slowly.



’FHM and Loaded sell pretty much the same number of copies as Marie

Claire and Cosmo, yet they attract half the ad revenue. Advertisers need

to wake up and realise the opportunity,’ he says.



Most buyers agree there is plenty of growth left in this market. The

latest figures indicate that the entire men’s market is 50 per cent up

in circulation terms and it shows little sign of easing up. FHM’s

editor, Mike Soutar, is convinced his magazine can reach the million

mark. Over at Loaded, his counterpart, the maverick James Brown, is not

to be outdone: ’The frightening thing is when I do my next magazine,’ he

says. You have been warned.



THE LOADED STORY



April 94 Loaded launches. Liz Hurley appears in first ’Most Wanted’

feature and is soon photographed in ’that dress’. Circulation is

64,000



May 95 James Brown wins PPA Editor of the Year award



Aug 95 Overtakes GQ to become best-selling men’s monthly with an ABC of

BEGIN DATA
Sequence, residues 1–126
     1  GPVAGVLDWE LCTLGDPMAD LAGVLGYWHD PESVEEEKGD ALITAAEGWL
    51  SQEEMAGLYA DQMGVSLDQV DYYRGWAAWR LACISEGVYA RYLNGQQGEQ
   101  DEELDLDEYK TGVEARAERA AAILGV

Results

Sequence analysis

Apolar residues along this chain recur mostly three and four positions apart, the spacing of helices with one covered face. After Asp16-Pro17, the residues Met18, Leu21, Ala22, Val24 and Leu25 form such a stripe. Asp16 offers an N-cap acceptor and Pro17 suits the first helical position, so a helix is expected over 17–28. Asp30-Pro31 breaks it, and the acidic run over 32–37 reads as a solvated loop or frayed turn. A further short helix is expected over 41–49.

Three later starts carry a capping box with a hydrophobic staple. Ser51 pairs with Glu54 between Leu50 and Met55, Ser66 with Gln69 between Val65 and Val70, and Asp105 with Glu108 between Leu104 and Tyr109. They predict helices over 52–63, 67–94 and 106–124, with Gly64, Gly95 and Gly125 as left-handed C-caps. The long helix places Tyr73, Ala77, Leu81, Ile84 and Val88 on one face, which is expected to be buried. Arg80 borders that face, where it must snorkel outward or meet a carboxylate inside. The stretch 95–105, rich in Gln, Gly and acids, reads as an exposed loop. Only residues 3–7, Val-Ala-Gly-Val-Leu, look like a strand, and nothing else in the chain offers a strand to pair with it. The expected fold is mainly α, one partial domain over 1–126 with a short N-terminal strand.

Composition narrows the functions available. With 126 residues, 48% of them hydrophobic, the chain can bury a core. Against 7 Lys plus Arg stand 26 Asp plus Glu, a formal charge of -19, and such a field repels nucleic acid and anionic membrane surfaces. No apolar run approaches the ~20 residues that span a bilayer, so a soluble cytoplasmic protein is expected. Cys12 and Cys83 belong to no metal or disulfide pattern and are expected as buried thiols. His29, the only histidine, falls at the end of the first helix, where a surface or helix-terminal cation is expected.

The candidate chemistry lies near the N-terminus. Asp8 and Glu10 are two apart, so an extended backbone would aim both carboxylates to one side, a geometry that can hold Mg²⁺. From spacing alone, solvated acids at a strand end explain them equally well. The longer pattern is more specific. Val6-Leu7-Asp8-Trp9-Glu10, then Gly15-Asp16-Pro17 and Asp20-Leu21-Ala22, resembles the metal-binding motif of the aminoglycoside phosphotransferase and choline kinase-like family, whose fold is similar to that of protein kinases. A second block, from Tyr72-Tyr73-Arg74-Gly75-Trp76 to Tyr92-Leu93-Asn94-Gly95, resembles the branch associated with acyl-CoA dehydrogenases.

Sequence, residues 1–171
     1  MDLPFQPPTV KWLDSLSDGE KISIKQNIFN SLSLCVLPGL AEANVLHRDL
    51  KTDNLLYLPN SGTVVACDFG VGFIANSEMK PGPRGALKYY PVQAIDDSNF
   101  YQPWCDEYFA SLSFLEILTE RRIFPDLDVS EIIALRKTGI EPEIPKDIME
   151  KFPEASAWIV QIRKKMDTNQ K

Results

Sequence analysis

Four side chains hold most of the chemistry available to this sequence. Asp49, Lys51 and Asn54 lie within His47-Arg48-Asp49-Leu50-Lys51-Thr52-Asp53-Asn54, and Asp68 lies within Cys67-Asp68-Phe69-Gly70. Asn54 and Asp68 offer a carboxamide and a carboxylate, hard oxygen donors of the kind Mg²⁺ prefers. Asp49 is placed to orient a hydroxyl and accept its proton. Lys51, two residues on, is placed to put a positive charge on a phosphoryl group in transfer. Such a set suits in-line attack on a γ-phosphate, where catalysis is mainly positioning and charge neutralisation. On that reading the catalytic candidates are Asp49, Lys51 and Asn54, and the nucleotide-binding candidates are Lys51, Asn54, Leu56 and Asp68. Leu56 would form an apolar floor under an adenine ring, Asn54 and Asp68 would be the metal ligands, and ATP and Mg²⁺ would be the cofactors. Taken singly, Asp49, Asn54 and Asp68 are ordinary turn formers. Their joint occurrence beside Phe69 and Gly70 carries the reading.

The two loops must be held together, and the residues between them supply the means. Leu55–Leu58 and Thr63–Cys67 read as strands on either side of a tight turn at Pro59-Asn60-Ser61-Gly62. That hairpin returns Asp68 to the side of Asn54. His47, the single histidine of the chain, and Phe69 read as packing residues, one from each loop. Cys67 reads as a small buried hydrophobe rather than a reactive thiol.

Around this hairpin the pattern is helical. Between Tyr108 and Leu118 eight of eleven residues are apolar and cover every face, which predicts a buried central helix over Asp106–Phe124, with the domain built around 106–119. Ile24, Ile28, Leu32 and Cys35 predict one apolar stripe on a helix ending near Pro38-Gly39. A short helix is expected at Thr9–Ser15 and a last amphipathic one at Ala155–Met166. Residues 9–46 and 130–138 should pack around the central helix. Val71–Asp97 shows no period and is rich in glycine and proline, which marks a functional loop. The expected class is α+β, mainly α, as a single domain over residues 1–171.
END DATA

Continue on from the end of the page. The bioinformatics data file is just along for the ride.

127,700



Nov 95 Brown is Editors’ Editor of the Year at the British Society of

Magazine Editors awards



Jan 96 Breaks 200,000 circulation barrier



Feb 96 Brown takes a holiday. Tarka the otter edits for a month May 96

Wins PPA Magazine of the Year Oct 96 Breaks 300,000 circulation

barrier



Nov 96 James Brown wins second BSME Editor of the Year award



THE FHM STORY



1985 For Him Magazine launched by Tayvale Publishing. Distributed in

clothes shops



90 Launches quarterly on to newsstands. Sells under 50,000 copies



92 To ten issues a year



93 Name change: FHM



June 94 Bought by Emap Metro. Editor is Francis Cottam



July 94 Mike Soutar, ex-editor of Smash Hits, becomes editor



Feb 95 ABC figure of 80,000 for July-Dec 94



Sept 95 Frank Skinner is last male coverstar. Sales dive



Oct 95 100 sexiest women in the world supplement. Breaks 100,000

circulation



Apr 96 Gillian Anderson issue sells out in days May 96 Breaks the

300,000 barrier



Feb 97 FHM is best-selling men’s monthly.